Posted Feb 06, 2012 12:00 pm CST
One of the biggest expenses for law firms is professional liability insurance, after paying employees and office rent.
And it’s getting bigger, as malpractice suits, driven by the difficult economy, increase both in number and the scope, requiring insurers to mount a more expensive defense even in cases in which the law firm prevails, according to the Wall Street Journal (sub. req.).
Cases the industry is watching include complaints alleging that McDermott Will & Emery released thousands of documents to the U.S. Attorney’s office in Los Angeles that were either irrelevant or privileged concerning J-M Manufacturing Co. and that Ropes & Gray derailed a Cold Spring Harbor Laboratory patent application by performing a cut-and-paste job using boilerplate language.
Both firms declined to comment when contacted by the newspaper.
Meanwhile, there has been a “disheartening increase” in the number of clients who threaten suit in order to get a break on their legal bills, says Martin S. Checov, who serves as general counsel for O’Melveny & Myers.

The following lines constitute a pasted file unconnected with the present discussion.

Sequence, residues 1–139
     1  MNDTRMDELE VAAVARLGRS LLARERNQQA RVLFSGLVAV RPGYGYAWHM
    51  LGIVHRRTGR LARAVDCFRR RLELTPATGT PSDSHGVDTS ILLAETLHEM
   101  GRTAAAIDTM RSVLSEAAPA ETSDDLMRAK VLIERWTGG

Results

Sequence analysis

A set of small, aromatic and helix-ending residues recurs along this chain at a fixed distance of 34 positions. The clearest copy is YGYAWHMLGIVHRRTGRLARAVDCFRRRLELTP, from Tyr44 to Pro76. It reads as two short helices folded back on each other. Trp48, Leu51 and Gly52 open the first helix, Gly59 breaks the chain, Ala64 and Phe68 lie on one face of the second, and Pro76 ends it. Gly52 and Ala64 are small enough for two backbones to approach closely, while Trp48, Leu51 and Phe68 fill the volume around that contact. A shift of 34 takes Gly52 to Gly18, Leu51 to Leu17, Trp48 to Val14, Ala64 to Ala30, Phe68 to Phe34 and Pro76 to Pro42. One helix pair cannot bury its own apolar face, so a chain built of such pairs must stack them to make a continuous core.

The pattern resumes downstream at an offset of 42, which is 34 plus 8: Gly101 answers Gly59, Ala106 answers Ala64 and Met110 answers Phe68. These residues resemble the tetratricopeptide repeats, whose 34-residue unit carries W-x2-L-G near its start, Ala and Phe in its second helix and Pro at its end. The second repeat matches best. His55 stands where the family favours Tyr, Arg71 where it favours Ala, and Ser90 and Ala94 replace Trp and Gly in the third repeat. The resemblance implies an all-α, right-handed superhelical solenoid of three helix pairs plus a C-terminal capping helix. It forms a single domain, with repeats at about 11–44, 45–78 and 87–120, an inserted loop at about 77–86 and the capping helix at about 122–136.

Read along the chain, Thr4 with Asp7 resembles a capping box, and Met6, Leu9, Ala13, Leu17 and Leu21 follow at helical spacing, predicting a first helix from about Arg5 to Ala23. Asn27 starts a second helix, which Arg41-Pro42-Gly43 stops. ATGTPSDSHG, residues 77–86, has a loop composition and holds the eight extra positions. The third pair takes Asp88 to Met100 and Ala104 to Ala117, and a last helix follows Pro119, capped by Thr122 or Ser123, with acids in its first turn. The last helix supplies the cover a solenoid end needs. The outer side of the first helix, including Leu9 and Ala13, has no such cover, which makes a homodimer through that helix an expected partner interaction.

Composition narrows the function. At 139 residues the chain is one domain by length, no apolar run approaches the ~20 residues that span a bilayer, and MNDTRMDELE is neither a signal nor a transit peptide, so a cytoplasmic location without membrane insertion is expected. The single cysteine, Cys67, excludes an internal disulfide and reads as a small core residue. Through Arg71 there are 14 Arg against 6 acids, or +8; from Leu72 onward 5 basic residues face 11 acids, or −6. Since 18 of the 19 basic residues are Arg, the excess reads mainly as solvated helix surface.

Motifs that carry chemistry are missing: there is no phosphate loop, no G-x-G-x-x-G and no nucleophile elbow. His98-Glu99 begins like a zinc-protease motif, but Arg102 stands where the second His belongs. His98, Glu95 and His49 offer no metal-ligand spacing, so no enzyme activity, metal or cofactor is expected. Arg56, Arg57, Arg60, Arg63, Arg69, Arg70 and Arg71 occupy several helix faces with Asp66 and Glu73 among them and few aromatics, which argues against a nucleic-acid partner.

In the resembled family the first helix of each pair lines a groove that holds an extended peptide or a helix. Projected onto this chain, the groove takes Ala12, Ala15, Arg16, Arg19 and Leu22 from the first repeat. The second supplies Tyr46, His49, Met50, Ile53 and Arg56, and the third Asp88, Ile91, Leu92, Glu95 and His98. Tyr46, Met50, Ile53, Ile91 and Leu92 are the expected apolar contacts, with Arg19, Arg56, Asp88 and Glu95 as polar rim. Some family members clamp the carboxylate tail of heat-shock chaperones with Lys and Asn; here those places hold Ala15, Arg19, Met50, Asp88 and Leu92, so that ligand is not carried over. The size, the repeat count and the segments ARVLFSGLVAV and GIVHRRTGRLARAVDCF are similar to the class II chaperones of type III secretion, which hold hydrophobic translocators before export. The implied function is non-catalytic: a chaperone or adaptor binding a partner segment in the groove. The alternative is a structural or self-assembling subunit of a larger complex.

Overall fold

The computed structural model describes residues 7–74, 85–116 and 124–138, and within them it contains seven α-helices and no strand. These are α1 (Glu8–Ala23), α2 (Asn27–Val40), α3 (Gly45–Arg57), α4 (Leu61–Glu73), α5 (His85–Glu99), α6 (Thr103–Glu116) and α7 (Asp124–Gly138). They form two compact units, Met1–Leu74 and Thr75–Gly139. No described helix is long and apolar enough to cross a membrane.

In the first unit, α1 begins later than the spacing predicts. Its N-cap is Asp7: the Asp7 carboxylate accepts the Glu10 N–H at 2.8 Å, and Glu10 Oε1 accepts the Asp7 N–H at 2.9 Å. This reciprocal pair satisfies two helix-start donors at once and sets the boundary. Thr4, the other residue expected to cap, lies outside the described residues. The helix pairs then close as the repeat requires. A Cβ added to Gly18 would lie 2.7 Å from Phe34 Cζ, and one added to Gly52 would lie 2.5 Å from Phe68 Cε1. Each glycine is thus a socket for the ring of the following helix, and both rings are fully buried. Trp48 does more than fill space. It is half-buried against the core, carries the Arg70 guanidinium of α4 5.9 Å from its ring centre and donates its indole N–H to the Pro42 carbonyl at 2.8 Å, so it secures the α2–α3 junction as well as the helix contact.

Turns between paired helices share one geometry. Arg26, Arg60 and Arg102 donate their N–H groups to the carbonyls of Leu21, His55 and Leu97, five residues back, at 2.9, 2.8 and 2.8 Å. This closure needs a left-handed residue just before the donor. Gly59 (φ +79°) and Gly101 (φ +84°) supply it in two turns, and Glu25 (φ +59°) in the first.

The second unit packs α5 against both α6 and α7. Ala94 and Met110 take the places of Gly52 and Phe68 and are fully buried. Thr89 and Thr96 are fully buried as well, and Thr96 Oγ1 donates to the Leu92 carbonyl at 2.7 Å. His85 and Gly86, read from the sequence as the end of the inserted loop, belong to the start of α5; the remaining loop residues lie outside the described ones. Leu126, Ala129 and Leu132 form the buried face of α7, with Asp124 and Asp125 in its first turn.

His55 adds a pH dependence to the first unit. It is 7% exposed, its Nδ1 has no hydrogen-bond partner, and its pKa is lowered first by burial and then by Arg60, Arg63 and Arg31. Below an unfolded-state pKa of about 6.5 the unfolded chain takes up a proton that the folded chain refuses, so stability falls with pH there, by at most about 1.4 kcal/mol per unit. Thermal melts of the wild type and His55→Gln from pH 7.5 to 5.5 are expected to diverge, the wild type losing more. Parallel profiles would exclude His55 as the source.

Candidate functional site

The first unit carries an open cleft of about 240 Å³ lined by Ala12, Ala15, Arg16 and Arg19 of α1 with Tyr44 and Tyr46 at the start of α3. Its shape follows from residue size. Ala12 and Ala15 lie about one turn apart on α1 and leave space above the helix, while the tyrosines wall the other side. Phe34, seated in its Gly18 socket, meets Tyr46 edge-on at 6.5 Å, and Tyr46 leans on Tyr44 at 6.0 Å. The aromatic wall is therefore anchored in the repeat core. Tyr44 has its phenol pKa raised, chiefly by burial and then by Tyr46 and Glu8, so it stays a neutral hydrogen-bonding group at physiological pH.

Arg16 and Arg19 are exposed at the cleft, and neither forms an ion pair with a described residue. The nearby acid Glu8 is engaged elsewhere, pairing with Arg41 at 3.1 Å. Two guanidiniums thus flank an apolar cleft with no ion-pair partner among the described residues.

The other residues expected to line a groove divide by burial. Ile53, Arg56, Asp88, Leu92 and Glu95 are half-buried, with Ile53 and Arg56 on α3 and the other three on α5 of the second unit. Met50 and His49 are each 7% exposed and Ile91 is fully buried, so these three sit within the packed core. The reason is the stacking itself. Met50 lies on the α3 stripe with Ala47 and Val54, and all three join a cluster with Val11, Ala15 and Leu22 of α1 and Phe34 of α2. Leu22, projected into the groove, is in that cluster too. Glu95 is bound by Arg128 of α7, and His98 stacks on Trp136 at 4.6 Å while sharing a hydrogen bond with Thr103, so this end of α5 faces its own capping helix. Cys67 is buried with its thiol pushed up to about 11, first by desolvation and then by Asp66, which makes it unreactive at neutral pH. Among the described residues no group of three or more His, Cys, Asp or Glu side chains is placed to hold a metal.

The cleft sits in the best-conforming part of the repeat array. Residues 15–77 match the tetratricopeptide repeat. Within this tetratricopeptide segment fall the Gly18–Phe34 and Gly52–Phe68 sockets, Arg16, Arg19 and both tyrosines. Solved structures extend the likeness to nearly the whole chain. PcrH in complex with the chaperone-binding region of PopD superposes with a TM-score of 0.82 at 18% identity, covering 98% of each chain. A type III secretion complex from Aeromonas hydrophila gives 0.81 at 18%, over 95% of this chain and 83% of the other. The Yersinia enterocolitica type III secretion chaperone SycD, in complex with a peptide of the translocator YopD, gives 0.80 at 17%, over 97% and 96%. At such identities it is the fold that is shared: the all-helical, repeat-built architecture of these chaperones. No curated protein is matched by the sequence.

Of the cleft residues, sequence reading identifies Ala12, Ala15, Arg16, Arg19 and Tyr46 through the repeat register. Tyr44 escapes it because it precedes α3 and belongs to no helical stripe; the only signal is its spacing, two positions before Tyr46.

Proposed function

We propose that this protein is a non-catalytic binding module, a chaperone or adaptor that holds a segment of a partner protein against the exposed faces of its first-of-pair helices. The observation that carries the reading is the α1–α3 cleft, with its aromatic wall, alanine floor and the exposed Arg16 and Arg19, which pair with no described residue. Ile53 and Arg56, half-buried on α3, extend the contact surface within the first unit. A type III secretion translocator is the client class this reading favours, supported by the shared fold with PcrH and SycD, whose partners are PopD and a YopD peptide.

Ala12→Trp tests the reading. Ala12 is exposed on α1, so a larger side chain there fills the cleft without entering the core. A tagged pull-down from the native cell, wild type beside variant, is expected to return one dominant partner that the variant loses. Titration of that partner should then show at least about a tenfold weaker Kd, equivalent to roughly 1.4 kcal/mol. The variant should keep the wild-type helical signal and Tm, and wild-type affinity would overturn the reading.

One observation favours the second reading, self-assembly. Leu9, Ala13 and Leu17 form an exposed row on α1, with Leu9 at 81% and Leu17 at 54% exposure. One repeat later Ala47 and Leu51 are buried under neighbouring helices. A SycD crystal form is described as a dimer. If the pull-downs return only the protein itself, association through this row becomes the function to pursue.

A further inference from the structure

Similarly, bankruptcy trustees often seek a clawback from accountants and lawyers of failed companies as they gather assets to repay creditors.
Handling such claims is “part of my everyday work, where I’m dealing with a bankruptcy trustee or a receiver trying to recover assets any way they can,” says partner Tom McGarry of Hinshaw & Culbertson, which often defends law firms in malpractice cases. “It’s a new ballgame and all the loyalties are gone.”